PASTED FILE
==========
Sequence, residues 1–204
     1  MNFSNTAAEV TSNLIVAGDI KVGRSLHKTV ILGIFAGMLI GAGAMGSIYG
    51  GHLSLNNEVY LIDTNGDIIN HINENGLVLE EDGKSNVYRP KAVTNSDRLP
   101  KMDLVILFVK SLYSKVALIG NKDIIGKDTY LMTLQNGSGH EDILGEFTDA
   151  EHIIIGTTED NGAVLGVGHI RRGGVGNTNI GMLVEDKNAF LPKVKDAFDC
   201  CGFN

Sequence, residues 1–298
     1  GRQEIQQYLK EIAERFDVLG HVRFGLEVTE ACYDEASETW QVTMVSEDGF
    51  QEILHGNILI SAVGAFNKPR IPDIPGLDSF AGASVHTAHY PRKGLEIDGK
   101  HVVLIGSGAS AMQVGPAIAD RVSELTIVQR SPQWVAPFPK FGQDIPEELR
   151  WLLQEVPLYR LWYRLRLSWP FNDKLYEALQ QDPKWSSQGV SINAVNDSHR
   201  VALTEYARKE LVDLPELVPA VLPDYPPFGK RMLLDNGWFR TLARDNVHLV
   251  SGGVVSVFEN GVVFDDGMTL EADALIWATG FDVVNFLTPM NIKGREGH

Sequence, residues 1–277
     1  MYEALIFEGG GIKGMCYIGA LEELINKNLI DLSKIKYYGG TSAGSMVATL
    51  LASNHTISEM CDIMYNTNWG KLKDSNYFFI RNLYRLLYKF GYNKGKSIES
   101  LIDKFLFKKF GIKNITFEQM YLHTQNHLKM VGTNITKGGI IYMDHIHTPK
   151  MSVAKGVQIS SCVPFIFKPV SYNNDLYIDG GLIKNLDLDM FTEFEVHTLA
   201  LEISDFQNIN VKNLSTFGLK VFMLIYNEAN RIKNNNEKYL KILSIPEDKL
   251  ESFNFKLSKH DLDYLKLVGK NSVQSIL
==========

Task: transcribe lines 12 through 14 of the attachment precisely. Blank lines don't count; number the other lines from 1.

   201  VALTEYARKE LVDLPELVPA VLPDYPPFGK RMLLDNGWFR TLARDNVHLV
   251  SGGVVSVFEN GVVFDDGMTL EADALIWATG FDVVNFLTPM NIKGREGH

Sequence, residues 1–277